On Tuesday, Supreme Court lawyer and ex-governor of Mizoram, Swaraj Kaushal, tweeted about the plea on marital rape being heard by the Delhi High Court. Kaushal shared an article that says criminalising marital rape may put the family system under stress. Kaushal tweeted, “There will be more husbands in the jail, than in the house”. To this, a Twitter user asked him if he was defending marital rape?
To which Kaushal replied, “There is nothing like marital rape. Our homes should not become police stations.”
If you thought a Supreme Court lawyer made that statement without any deliberation, think again.
Kaushal was right, marital rape is not defined in the Indian Penal Code. Our Home Affairs minister, Haribhai Parthibhai Chaudhary has said, “It is considered that the concept of marital rape, as understood internationally, cannot be suitably applied in the Indian context due to various factors, including level of education, illiteracy, poverty, myriad social customs and values, religious beliefs, mindset of the society to treat the marriage as a sacrament.”
For the longest time, the government has hidden behind a central logic – if the law allows wives to bring rape charges against their husbands, the latter will find it difficult to defend themselves. Swaraj’s statement follows that very train of thought.
So firm is this belief that the Centre told the Delhi High Court on Tuesday that if marital rape is recognized as a crime, it could “destabilize the institution of marriage, apart from being an easy tool for harassing husbands”.
It further stated that courts, too, would find it difficult to rely upon evidence in such circumstances as there could be “no lasting evidence in case of sexual acts between a man and his own wife”.
This argument is not new and not altogether unfounded. How indeed does a man prove that his sexual relationship with his wife on a particular night was consensual? Moreover, how does one collect evidence in such a case?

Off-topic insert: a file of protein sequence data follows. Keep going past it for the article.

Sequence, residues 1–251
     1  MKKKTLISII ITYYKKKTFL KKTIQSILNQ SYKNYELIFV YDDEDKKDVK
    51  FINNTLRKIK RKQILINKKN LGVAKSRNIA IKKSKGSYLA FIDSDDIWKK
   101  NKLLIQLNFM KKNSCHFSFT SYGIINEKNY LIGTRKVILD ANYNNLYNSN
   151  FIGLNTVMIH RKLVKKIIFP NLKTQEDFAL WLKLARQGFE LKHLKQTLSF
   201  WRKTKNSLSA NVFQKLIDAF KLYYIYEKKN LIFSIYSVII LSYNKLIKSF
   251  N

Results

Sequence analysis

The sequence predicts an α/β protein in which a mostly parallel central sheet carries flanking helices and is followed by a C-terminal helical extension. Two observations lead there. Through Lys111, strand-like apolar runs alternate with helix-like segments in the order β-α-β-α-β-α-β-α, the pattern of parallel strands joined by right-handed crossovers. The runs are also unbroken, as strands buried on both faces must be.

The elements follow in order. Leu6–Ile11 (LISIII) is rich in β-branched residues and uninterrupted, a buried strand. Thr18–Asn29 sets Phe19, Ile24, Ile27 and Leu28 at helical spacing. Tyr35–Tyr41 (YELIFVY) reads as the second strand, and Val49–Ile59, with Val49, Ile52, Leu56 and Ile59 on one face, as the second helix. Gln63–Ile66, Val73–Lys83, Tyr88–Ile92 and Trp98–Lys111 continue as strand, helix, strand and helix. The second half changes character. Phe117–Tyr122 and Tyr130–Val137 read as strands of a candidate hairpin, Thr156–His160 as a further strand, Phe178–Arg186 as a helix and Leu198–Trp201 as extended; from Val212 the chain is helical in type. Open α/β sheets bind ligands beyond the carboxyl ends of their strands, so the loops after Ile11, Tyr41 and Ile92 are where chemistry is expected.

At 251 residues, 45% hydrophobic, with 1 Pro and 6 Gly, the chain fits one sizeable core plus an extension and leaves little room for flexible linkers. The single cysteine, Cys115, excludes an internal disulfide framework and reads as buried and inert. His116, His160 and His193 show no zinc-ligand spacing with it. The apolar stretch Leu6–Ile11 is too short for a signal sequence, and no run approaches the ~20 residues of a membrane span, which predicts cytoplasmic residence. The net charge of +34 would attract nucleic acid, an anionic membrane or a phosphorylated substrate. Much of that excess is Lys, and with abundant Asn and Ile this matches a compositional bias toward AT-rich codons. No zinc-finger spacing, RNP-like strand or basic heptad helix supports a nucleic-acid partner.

But is the evidence issue such a big impediment?
It goes without saying that evidence in any rape case is a major issue, more so, in case of an incident where the victim does not bear physical signs of violence. However, this argument rings hollow because of one primary reason. Let’s say even if marital rape is recognised by the law, the burden will be much more on the wife to prove that the alleged sexual act was without her consent than that on the husband to prove the opposite.
To drive this point in, let’s look at some numbers.
According to National Crime Records Bureau (NCRB) in 2016, one in four rape cases in India ended in conviction. In other words, one out of four women who claimed to have been raped were able to prove that they were indeed raped.
This means India’s conviction rate for rape, at 25.5%, remains abysmally low.
The other argument against Domestic Rape law
The other line of argument against the domestic rape law is that sexual assault is already covered by the existing Domestic Violence Act. “Yes, non-consensual sex with husband is recognised as sexual abuse under this act. It also amounts to cruelty, which is a ground for divorce. But this does not lead to criminal persecution,” says Saptarshi Mandal, assistant professor, Jindal Global Law school. Which means you can divorce your husband for raping you, but not criminally persecute him.
How has Supreme Court dealt with the issue?
Two years ago, a woman came forward about having been raped and assaulted by her husband. A Delhi-based MNC executive told the Supreme Court that her husband repeatedly resorted to sexual violence, but she was helpless as marital rape was not a crime in India. According to this report in Hindustan Times, the woman had challenged the validity of an exception to Section 375 of the IPC that says sexual intercourse by a man with his wife, who is 15 or above, is not rape even if it is without consent.
The Supreme Court, however, rejected her plea. “You are espousing a personal cause and not a public cause…This is an individual case,” a bench of justice AR Dave and justice R Banumathi said.
How do other countries treat marital rape?
Many countries have the strictest possible rules against marital rape. Many have criminalised it in recent years. Malaysia changed its laws to that effect in 2007; Turkey in 2005; and Bolivia in 2013. The United States began criminalising marital rape in 1970s and most European countries in the 1990s.
Feature image source: Twitter